The approaching battle over the Supreme Court vacancy created by the death of Justice Antonin Scalia is likely to be one for the ages, considering the huge political stakes as well as the depth of bitter partisanship in which it will unfold.
In 1968, when President Lyndon Johnson ordered a halt to bombing North Vietnam and a new house averaged $15,000, Laurel had a lot of things going for it. However, the town lacked a place where people could get trophies and plaques built and engraved to honor individual and group efforts. That same year, the husband and wife team of Don and Dottie Ault set out to change all that when they opened Dottie's Trophies.
Under Freedom to Vote legislation, Marylanders who go to the Motor Vehicle Administration to get a driver's license will be told that they will be registered to vote unless they choose to opt out. Freedom to Vote would similarly implement an opt-out system at the Health Benefit Exchange, as well as during the application process for other public benefits through a number of other agencies. Having voters register at these agencies would make the process not just more convenient, but more secure.
By Shelly Hettleman, Sandy Rosenberg and Mary Washington
The new Every Student Succeeds Act answers the feverish educational prayers of most liberals and conservatives. But properly understood, the legislation is enough to give bipartisanship a bad name. It is a massive retreat from our national interest and commitment to equal educational opportunity, especially for poor and minority children.
Maryland ranked 35th nationally in assistant coach salaries, according to data released by USA Today on Wednesday. The Terps paid their assistants $2,783,060 in 2015, which also ranked seventh in the Big Ten Conference. Offensive coordinator-turned-interim coach Mike Locksley ranked No. 14 nationally with $891,940, which made him the highest-paid assistant in the conference, edging out new Maryland coach DJ Durkin and Tim Drevno, who made $880,000 as assistants at Michigan.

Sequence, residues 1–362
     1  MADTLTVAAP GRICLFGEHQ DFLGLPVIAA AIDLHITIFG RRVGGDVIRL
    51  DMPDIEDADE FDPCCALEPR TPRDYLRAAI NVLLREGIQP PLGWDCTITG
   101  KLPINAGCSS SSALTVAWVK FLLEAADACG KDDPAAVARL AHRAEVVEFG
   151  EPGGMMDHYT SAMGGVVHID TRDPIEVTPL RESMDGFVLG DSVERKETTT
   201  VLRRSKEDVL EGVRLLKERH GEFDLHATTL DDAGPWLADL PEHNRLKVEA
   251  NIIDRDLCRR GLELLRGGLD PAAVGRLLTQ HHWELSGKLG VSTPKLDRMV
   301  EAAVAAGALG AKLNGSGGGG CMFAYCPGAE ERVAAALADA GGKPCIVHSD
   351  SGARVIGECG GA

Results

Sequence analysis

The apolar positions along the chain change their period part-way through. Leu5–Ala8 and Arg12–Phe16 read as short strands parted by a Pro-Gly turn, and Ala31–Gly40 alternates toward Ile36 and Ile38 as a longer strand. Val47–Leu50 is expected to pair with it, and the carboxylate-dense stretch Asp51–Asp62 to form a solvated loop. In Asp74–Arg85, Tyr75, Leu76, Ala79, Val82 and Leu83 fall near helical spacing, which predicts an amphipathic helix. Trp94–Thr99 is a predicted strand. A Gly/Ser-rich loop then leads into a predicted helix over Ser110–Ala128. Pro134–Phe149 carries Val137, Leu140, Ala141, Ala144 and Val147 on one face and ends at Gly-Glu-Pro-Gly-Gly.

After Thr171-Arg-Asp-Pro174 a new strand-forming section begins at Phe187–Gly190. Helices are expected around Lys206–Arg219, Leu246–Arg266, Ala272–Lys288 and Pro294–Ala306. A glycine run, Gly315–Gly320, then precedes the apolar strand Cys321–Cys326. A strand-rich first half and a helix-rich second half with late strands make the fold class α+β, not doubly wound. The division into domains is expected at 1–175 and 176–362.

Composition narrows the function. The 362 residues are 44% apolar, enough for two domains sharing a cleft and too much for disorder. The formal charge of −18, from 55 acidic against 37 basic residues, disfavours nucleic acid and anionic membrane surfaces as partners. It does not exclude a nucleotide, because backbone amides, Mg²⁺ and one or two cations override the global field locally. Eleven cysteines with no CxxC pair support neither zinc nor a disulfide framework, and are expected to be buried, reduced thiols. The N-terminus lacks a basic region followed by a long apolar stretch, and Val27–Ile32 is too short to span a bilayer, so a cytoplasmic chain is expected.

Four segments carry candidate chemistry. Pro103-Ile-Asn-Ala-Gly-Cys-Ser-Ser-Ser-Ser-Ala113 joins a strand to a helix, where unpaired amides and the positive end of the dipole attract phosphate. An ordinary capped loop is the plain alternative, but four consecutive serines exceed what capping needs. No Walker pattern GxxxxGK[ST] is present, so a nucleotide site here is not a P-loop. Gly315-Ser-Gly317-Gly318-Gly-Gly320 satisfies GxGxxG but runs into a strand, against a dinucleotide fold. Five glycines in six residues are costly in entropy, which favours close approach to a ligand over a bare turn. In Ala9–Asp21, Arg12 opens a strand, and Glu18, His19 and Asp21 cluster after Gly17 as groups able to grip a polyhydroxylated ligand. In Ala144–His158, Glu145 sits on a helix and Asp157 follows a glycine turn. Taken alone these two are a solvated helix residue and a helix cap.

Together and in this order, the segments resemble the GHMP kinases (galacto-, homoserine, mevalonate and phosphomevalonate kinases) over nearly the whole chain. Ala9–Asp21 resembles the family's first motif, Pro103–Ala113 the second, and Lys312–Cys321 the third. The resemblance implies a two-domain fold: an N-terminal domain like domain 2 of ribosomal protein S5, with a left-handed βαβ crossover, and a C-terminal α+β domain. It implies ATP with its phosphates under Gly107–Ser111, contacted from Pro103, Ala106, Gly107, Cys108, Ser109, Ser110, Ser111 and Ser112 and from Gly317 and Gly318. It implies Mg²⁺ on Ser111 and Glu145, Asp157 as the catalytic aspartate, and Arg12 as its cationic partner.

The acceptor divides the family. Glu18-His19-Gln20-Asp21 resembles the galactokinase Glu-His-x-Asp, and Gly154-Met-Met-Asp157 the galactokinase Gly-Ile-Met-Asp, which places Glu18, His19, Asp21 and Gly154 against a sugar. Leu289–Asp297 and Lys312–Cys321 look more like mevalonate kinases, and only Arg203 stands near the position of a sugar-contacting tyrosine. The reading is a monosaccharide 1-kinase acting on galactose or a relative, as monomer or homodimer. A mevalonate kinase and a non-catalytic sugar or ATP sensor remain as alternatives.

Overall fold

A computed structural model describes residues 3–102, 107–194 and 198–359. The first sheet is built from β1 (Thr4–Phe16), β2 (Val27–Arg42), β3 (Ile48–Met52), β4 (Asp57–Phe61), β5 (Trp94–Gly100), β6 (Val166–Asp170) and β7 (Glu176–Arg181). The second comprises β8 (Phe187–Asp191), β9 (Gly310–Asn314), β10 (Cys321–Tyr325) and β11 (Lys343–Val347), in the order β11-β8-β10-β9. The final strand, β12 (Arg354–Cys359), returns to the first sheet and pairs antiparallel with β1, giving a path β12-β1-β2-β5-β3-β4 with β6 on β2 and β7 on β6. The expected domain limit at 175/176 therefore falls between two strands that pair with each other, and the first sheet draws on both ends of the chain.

Largely a reserve outside linebacker and special teams contributor during his first three years at Maryland, senior Avery Thompson had 36 career appearances but no starts. He had nine career tackles, largely toiling in anonymity behind a deep corps of linebackers that graduated last year and a new group of talented young players.
As the National Academies recently documented, the "integration of immigrants into American society" remains strong. But it wasn't always so. This fall marks the 50th anniversary of the Immigration and Nationality Act of 1965. It represented decades, even centuries, of fitful progress.
In times of crisis, communities like Baltimore look not just to political leaders, but also to rabbis and pastors, teachers and essayists, historians and ethicists, and others steeped in the humanities to provide historical relevance, ethical guidance and other important narratives.
By withdrawing from the 2016 race, Baltimore Mayor Stephanie Rawlings-Blake said Friday, she could avoid the distractions of a campaign and focus on governing a city on edge over the trials of six police officers charged in Freddie Gray's arrest and death. Supporters championed the move as a sign of the mayor's selflessness. Detractors say she simply saw no path to victory with lagging approval ratings and a campaign loaded with credible contenders